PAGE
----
For conditional object names (“the ball in the box”, “the man wearing the hat”) we ignore the conditional phrase – parse as “the ball”, “the man” with annotations that we’ll consider later. (Same reasoning – we want to be able to explain the mistake.) To stretch a case, PUSH X IN Y could result in <insert-into: X, Y> and <push: X> both being considered.

(2) Sort. Go down the entire list and assign likelihoods. At this stage, we look at conditional phrase annotations and assign a big penalty for the ones that fail. (Any entry including “the man wearing the hat” will go to the bottom of the list if all men in scope are hatless.)

Nothing is eliminated from the list at this stage.

(3) If there’s a single best candidate interpretation, pick it. Done.

(4) If there is a group of equally good candidate interpretations above a threshold, print a disambig query. What threshold? The level where interpretatations are grammatical but don’t match the world state. Depending on the game, there may also be a threshold of commands which match the world state but the protagonist categorically refuses to do.

Printing a query can get messy! If all the entries in the group look like <take: …> then we can use a traditional “Which do you want to take…?” query. But if the group is heterogenous, we’ll have to do something clever. This is where numbered disambiguation starts to look really good.

(5) If the entire list is below your threshold, it’s time to complain. Again, this gets messy. Error messages could look like “Steve isn’t wearing a hat”; “No man here is wearing a hat”; “You’re already carrying the sword”; “That isn’t alive” (the Inform special case for ASK DOOR ABOUT HOMOIOUSIS).

Or maybe, as noted, there could be a threshold range that produces “You refuse to jump off the cliff,” or even “You refuse to jump off any of the cliffs here.”

The above is only a sketch. I haven’t accounted for incomplete commands (TAKE, or PUT SWORD IN). Those could be handled by allowing the parser to assume an implicit ALL at the end of the input.

Here’s an idea for including “You don’t see any such thing” in the model: include an invisible no-such-thing object in scope. It can match any string of words but is considered to have a world-state conditional phrase of (false). So TAKE SWORD will match it and add <take: no-such-thing> to the stage-1 list. But that entry will be sorted to the bottom at stage 2, no matter what. It will only become relevant if we reach stage 5, and then we can print “You don’t see any such thing.”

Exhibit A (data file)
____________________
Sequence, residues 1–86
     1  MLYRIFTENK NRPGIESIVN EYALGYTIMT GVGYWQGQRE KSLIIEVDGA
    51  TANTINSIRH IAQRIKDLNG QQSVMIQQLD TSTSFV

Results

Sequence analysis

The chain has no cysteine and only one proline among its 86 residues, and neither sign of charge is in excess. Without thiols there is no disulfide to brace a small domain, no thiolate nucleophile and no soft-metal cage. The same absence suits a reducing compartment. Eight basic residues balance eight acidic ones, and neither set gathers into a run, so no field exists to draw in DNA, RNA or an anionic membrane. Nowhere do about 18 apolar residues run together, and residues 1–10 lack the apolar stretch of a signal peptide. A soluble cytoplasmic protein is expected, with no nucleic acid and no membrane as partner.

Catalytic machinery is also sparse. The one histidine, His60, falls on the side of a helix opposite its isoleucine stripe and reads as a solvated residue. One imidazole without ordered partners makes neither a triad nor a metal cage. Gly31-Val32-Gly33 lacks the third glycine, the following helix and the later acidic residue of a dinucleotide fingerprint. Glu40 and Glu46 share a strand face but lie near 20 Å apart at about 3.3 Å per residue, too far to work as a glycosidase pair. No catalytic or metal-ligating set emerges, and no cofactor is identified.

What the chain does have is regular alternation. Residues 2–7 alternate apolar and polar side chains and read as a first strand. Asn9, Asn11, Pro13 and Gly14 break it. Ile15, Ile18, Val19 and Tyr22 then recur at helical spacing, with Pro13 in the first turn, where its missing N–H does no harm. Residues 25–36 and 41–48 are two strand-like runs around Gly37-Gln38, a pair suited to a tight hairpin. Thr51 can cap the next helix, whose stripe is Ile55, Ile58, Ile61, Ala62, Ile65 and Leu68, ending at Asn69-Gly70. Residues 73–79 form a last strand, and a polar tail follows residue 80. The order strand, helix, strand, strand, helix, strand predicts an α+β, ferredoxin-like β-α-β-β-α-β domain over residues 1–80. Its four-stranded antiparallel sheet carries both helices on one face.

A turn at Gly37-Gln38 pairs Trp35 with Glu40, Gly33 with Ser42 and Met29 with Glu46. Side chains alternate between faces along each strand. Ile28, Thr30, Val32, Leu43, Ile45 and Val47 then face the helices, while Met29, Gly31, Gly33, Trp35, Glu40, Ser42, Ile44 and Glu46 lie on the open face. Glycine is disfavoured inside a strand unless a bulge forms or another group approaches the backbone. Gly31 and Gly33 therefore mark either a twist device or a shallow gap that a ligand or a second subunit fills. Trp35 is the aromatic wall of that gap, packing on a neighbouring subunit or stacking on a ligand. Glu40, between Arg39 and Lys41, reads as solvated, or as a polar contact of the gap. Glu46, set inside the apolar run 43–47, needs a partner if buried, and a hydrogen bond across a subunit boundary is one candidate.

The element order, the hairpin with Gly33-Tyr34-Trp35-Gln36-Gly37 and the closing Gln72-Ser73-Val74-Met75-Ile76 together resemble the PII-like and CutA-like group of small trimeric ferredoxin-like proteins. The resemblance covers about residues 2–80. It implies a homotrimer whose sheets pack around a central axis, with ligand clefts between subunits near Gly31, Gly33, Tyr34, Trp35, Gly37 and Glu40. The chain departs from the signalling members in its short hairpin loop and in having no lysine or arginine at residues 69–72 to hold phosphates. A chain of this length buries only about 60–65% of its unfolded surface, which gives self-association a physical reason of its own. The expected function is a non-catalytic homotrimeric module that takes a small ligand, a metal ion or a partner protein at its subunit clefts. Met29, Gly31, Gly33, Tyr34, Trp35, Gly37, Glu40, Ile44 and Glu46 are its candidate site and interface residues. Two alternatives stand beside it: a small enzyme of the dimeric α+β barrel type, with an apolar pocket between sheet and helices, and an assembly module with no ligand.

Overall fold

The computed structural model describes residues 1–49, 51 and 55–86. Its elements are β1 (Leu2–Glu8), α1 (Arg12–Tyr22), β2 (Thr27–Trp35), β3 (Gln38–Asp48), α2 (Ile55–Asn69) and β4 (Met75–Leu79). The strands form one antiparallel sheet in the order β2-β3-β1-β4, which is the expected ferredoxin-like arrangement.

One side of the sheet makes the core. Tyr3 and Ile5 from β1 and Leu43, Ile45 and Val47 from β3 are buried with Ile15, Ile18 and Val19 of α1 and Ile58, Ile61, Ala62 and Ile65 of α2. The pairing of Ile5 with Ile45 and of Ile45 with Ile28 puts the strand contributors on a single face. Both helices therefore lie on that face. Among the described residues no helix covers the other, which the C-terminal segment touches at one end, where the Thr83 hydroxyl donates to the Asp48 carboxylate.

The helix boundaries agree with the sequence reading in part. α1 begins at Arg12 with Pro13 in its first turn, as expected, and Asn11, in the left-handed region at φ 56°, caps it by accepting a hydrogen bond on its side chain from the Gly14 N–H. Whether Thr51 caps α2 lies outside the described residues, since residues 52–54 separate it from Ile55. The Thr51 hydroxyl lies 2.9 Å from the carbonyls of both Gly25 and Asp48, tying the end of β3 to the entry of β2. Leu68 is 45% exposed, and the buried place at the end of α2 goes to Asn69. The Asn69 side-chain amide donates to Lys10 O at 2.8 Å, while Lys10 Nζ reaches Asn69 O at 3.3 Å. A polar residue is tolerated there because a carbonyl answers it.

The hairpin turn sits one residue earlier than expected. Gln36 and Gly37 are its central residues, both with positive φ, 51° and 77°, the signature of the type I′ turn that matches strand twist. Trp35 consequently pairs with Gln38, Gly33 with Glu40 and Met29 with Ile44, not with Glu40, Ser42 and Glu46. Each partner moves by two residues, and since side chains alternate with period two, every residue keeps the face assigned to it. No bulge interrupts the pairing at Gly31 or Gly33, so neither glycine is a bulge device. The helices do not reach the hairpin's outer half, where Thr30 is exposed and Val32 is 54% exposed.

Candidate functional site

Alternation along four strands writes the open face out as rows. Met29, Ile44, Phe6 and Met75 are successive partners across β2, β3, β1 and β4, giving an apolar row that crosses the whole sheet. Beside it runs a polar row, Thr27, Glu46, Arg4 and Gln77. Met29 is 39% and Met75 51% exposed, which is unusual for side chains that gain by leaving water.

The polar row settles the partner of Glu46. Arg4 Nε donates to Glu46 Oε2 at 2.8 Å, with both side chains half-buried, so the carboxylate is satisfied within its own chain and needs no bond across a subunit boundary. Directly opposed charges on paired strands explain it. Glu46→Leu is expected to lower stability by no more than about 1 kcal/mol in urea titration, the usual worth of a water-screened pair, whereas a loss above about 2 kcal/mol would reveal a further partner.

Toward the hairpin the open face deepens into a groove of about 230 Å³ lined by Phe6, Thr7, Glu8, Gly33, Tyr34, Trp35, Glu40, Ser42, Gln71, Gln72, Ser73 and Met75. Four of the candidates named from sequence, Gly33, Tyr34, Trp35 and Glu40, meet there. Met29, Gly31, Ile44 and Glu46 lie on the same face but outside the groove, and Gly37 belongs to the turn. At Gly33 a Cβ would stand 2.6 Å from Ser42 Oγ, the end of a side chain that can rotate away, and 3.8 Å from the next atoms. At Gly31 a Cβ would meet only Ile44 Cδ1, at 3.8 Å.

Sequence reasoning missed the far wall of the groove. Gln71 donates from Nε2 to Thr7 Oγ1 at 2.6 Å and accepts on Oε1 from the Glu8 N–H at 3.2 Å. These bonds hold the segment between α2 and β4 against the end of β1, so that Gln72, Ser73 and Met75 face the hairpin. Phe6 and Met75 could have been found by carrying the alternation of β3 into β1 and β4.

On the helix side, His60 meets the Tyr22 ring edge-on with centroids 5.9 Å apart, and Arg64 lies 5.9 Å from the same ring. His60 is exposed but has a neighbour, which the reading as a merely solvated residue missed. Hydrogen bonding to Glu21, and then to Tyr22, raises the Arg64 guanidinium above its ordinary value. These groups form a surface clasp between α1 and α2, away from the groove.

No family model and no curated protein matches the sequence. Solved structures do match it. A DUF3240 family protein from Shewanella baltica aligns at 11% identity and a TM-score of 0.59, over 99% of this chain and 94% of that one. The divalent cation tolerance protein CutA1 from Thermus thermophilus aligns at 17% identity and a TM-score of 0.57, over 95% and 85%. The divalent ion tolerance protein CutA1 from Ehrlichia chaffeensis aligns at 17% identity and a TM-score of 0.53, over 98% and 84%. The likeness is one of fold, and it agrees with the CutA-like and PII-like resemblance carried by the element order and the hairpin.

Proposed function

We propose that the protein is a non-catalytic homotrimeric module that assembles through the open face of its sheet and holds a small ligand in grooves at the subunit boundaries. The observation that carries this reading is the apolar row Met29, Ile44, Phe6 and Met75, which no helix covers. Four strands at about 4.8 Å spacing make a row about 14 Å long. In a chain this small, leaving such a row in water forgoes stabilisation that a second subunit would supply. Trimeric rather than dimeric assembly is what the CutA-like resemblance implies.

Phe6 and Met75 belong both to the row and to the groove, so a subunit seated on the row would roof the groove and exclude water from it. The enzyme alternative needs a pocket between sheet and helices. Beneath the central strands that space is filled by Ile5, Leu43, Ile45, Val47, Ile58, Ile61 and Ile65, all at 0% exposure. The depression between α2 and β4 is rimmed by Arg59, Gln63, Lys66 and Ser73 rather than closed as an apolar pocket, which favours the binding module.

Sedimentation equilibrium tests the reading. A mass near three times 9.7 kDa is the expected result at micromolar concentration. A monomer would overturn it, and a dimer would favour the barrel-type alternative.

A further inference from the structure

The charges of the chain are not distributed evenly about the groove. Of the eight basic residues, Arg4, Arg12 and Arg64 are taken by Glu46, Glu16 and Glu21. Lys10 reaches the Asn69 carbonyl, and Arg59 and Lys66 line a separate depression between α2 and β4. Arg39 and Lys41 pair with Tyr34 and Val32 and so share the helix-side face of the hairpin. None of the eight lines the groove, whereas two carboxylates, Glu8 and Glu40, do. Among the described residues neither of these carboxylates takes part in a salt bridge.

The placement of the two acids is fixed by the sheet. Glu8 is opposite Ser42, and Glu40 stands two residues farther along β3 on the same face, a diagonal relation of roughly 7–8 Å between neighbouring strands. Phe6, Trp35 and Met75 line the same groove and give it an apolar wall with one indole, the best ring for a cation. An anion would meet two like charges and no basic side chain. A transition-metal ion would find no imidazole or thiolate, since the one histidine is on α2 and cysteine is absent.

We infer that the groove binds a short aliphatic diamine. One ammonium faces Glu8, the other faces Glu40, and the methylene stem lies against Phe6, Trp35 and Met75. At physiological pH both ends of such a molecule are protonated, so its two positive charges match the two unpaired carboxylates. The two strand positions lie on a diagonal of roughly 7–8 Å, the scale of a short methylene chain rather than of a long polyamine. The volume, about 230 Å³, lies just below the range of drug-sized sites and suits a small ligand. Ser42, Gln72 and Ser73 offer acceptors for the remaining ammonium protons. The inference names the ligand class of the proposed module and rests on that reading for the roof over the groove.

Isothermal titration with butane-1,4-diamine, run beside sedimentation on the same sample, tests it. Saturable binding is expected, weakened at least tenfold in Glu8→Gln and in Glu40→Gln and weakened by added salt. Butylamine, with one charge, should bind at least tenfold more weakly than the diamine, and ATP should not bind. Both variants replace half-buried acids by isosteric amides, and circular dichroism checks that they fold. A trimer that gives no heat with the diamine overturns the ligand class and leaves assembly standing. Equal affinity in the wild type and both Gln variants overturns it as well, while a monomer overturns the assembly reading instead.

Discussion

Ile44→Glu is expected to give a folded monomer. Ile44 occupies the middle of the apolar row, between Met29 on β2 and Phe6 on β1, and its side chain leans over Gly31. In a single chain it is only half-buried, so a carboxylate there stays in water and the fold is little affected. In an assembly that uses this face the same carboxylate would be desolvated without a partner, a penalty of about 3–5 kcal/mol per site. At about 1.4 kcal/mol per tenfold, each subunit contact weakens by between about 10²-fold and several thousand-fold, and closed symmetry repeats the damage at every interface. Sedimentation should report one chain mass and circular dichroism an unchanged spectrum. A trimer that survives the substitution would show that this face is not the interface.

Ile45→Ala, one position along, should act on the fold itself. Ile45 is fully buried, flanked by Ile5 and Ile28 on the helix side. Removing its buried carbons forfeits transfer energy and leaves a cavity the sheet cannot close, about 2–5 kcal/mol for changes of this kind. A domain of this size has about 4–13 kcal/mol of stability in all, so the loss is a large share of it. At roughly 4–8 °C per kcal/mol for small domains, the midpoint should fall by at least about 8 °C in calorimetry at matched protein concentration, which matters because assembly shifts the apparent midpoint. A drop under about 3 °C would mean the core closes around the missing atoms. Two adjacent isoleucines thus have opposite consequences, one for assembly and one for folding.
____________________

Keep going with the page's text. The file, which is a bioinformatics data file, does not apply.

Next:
Further obvious possibilities: treat everything the player has ever seen as in-scope, with world-state conditions about unreachability. Then TAKE SWORD can result in “You left the Elvish sword in the living room.”

This is where it’s important that the model only prints disambig queries for entries above the threshold of could-possibly-work. You don’t want to print “Which do you mean, the Elvish sword that you left in the living room or the broadsword that got melted down in the furnace?”

Also note that TAKE SWORD still matches <take: no-such-thing>, but that’s even farther down the list than <take: elvish-sword>. This is why stage 2 involves only sorting, no elimination.

When you have multiple hits for noun1 and in order to resolve it you need noun2, which also happens to have multiple hits, then that’s an issue. Even worse when resolving noun2 also depends on noun1. In that case we need sort of a trial and error approach

I was thinking about simply trying all possible combinations of hits for noun1 and noun2: iterate through all possible hits for noun2 and in each iteration try all possible hits for noun1. Apply the parsing rules for each combination, assign the scores and hope that one combination wins.

So, for the fruits we would have 9 possibilities, each with initially, say, 10 points

put lime in orange, 10
put coconut in orange, 10
put orange in orange, 10
put lime in coconut, 10
put coconut in coconut, 10
put orange in coconut, 10
put lime in lime, 10
put coconut in lime, 10
put orange in lime, 10

Now we need some parsing rules that the author can enter in your framework :slight_smile:

We can never put something in itself, so

if equal(noun1, noun2) then score(-100)

This gives (sorted):
put lime in orange, 10
put coconut in orange, 10
put lime in coconut, 10
put orange in coconut, 10
put coconut in lime, 10
put orange in lime, 10
put orange in orange, -90
put coconut in coconut, -90
put lime in lime, -90

We can only put something in a container

if testflag(noun2.f_container) then score(+10) if testflag(noun2.f_open) then score(+5) # extra bonus when the container is also open endif endif
This gives:
put lime in coconut, 25
put orange in coconut, 25
put lime in orange, 10
put coconut in orange, 10
put coconut in lime, 10
put orange in lime, 10
put coconut in coconut, -80
put orange in orange, -90
put lime in lime, -90

Now there are 2 winners.
We could add another parsing rule which would rule out the orange

if testflag(noun1.f_in_harry_nilssen_lyrics) and testflag(noun2.f_in_harry_nilssen_lyrics) then score(+5)

If we forget about this last rule then we get:

[code]

put fruit in fruit
What do you want to put in the coconut, the lime or the orange?
lime[/code]

After this point, the scores don’t matter anymore because we have unique hits for noun1 and noun2. If the player would have typed ‘coconut’ instead of lime or orange then ‘put coconut in coconut’ would have been sent to the interpreter which would have thrown an error.